World Axis with Hare

Global Cultures and Global Variations in Obesity

Obesity prevalence is rising all over the world. But in different cultures and different countries, tremendous variations in obesity are striking. Countries of eastern Asia tend to have very low obesity prevalence. Japan, for example, has an obesity rate of just five percent, according to the World Obesity Federation. Meanwhile, obesity prevalence stands at 43 percent in the U.S. Of course, many factors can explain the global variations in obesity, but could it be that cultures play a role?

A new paper in Social Science & Medicine suggests that two cultural factors may indeed be important – individualism and flexibility.

Empiric Data from 51 Countries

To reach these conclusions, Plamen Akaliyski and colleagues gathered empiric data on 51 countries in every region of the world, as well as imputed data from additions countries. In total, they analyzed data for 155 countries that represent 98 percent of the global population.

They looked at two cultural dimensions from a model of national cultures published in 2018. Individualism draws a distinction between cultures that emphasize individual rights and freedoms versus those that favor conformity and submission to authority. Flexibility is all about personal adaptation. In highly flexible cultures, the expectation is that people will adapt to changing circumstances and control their impulses to do otherwise. At the other extreme of this spectrum, self-indulgence and gratification are more dominant.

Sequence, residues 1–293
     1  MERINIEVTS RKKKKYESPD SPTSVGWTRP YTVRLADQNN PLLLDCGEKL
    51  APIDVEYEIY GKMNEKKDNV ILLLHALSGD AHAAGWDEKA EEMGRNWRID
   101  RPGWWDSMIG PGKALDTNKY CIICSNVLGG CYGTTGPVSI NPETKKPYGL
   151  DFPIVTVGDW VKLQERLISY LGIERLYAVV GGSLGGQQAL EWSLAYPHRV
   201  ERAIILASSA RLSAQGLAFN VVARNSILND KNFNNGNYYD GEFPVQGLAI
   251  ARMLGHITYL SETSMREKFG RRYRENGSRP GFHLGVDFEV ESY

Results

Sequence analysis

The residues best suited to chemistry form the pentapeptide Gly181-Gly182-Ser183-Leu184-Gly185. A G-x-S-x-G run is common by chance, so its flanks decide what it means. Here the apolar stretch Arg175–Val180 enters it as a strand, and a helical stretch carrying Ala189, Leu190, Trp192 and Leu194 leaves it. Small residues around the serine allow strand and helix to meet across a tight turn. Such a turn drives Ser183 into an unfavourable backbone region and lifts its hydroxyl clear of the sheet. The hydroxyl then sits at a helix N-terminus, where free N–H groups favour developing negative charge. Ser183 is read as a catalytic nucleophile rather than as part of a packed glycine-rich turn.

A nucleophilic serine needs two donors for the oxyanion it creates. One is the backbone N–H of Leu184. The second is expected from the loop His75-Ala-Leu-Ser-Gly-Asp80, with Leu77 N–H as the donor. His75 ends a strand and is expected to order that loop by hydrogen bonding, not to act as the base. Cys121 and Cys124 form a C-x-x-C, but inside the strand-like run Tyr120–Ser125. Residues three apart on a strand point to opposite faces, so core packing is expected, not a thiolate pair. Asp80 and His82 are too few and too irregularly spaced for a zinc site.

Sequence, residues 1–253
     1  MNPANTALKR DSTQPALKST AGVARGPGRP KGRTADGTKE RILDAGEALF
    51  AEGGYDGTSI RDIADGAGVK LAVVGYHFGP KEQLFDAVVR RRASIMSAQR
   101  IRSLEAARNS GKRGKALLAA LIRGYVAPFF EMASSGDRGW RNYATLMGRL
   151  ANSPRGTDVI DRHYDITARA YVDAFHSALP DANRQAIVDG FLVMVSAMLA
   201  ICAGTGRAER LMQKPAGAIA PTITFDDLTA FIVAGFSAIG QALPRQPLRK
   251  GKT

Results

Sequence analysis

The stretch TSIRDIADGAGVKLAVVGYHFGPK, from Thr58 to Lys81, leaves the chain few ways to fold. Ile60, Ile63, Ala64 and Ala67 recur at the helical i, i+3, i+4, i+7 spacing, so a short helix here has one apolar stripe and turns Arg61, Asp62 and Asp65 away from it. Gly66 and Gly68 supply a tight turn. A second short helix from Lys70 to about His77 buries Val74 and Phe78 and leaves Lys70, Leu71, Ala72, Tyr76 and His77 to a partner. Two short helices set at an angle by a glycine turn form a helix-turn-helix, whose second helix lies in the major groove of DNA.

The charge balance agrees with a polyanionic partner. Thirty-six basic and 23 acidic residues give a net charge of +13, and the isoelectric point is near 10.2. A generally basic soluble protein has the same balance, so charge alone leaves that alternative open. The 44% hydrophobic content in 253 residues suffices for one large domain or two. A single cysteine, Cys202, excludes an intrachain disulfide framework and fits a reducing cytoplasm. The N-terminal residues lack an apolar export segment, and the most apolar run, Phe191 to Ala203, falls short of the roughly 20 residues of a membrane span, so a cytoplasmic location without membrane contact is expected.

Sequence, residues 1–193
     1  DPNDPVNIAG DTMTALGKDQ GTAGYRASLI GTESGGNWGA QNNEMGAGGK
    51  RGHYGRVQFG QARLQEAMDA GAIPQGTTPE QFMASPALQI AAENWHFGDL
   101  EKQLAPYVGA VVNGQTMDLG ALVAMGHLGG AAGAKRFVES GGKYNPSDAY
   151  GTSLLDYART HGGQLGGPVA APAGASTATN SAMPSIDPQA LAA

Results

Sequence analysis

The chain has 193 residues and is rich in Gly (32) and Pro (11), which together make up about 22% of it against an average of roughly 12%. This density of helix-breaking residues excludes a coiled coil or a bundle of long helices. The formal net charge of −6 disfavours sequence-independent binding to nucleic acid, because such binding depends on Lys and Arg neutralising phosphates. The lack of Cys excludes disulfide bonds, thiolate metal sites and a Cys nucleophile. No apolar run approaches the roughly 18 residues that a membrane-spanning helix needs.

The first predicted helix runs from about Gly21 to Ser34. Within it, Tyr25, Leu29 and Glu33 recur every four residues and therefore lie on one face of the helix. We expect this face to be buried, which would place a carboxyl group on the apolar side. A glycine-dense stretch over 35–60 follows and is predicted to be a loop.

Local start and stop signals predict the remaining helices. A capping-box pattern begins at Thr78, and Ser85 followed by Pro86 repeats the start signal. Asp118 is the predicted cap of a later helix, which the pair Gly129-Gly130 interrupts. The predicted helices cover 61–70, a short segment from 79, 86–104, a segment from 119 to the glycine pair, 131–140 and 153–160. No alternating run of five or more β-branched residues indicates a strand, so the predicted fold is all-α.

Through extensive analysis, Akaliyski et al found that individualism accounted for global variations in obesity for men, but not for women. They suggest that this may be because individualism relates to some health behaviors in ways that are gender specific. So for men, but not for women, obesity rates tended to be higher in cultures that prize individual rights and freedoms.

With the flexibility dimension they found predictive value across the board. Cultures that emphasize gratification rather than restraint tended toward higher obesity prevalence.

It’s Complicated

Of course, global variations in culture and obesity are complicated subjects. Obesity results from the interaction of biological susceptibility with environmental triggers. Behavior is the old standby for moderating obesity, but it has its limits. We might think of these cultural factors as being part of the environment that can either trigger or restrain susceptibility to obesity.

Others, such as Benjamin Senauer and Masahiko Gemma, have tried to explain global variations in obesity through the economics of transportation and food. In the end, it’s hard to find singular explanations for the complex systems problem of obesity.

Nonetheless, looking through the lens of national cultures may be quite helpful.

Click here for the Akaliyski paper and here for the paper by Senauer and Gemma.

World Axis with Hare, painting by August Natterer / WikiArt

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July 9, 2022

2 Responses to “Global Cultures and Global Variations in Obesity”

  1. July 10, 2022 at 1:21 am, John B Dixon said:

    It also appears weight stigma is less frequent and perhaps damaging in cultures that act collectively rather than individually?

    • July 10, 2022 at 3:32 am, Ted said:

      John, I’d be interested in research on that question. Certainly it’s an interesting point.